Rochester’s story is part thriller, part love letter to bicycling, and it’s clear he’s writing from a position of intimate knowledge and passion, as convincing atmosphere and minute detail color every page. He also brings that precision and thoroughness to the presentation of Chinese culture, etiquette, manners, and setting, immersing readers in the atmosphere and imagery along the way. While this verisimilitude is one of the story’s strengths, it also slows down the pacing, threatening to overload the reader with information and at times diminishing the focus on the heart of the narrative, which is the characters.
The information worms subplot, meanwhile, offers a strong hook, though the would-be thieves ultimately prove more of a nuisance than a true threat, with authorial intent breaking through to warn readers of the dangers of IP theft and corporate espionage. Meanwhile, Jed’s emerging connection to Jung-Shan as they navigate the opening stages of a relationship is enjoyable and natural, though there’s a subtle tendency to overly romanticize and exoticize Jeb’s attraction to the Taiwan-born woman, including his thinking of her as “inscrutable,” a term that has often been used by western writers to stereotype Asians. Despite these shortcomings, the overall story is engaging and smoothly told, and will interest cycling enthusiasts and readers fascinated by international business and real-world espionage.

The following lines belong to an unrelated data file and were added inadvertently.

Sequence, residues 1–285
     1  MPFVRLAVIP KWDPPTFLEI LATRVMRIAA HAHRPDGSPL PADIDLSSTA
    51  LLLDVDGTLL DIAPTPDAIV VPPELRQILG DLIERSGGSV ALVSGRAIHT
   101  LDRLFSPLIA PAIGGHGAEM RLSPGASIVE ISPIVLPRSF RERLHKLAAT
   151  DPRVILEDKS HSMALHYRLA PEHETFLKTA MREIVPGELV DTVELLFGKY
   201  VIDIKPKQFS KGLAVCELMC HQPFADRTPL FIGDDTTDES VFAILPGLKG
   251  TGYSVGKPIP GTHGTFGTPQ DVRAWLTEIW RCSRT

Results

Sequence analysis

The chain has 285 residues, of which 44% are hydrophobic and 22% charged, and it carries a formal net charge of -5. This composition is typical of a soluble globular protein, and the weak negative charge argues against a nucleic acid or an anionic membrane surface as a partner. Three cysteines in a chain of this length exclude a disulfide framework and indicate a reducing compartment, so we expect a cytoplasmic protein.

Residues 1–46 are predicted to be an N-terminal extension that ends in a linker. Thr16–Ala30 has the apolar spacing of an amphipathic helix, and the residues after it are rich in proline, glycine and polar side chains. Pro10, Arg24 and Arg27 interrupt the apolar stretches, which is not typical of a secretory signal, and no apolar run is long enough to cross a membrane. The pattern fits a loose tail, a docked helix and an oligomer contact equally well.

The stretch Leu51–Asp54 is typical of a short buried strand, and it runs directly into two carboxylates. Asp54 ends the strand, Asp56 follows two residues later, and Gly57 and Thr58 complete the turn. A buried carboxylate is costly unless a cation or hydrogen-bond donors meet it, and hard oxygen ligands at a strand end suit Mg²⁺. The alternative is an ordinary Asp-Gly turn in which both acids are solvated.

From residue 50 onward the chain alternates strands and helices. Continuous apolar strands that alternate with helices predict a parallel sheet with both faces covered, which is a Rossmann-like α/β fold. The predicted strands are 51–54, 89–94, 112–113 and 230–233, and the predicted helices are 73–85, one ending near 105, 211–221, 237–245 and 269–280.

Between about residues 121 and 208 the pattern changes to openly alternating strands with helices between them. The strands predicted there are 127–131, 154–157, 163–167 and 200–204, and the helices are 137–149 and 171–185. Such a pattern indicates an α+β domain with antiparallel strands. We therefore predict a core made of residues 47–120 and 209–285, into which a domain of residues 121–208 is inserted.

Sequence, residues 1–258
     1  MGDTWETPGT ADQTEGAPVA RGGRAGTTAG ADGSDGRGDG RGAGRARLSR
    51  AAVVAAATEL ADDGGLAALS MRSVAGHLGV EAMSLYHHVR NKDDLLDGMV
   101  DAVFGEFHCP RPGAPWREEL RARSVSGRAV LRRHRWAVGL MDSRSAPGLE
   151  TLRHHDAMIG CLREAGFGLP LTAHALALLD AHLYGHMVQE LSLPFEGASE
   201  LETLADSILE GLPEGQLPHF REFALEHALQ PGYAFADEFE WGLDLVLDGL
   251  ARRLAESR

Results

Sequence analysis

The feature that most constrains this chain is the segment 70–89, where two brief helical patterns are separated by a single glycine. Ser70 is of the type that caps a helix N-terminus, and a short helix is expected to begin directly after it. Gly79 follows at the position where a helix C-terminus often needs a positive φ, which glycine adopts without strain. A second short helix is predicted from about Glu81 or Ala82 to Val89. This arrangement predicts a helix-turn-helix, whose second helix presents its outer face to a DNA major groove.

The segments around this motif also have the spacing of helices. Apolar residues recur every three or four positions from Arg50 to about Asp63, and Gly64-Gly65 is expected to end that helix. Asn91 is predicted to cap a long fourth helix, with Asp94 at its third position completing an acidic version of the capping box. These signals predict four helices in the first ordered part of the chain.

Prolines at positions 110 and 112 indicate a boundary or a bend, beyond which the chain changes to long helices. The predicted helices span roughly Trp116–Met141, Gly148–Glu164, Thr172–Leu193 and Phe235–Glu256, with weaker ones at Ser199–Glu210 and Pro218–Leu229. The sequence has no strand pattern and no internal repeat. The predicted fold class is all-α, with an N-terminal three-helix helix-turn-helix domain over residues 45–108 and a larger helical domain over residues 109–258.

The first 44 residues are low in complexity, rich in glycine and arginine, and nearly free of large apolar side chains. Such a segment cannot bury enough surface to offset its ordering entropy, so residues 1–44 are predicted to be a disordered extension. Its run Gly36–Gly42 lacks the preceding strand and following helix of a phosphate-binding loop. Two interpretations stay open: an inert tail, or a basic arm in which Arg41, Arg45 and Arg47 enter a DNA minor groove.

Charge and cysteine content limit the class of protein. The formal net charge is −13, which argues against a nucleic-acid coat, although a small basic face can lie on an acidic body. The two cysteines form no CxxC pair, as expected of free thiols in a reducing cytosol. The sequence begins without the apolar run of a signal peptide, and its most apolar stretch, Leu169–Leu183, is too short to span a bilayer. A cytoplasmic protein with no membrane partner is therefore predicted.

Takeaway: A thriller with a human element, which will appeal to readers who appreciate bicycling and Chinese culture.
Great for fans of: Evan Osnos’s Age of Ambition: Chasing Fortune, Truth, and Faith in the New China, Dave Eggers’s A Hologram for the King.
Design and typography: A
Marketing copy: B+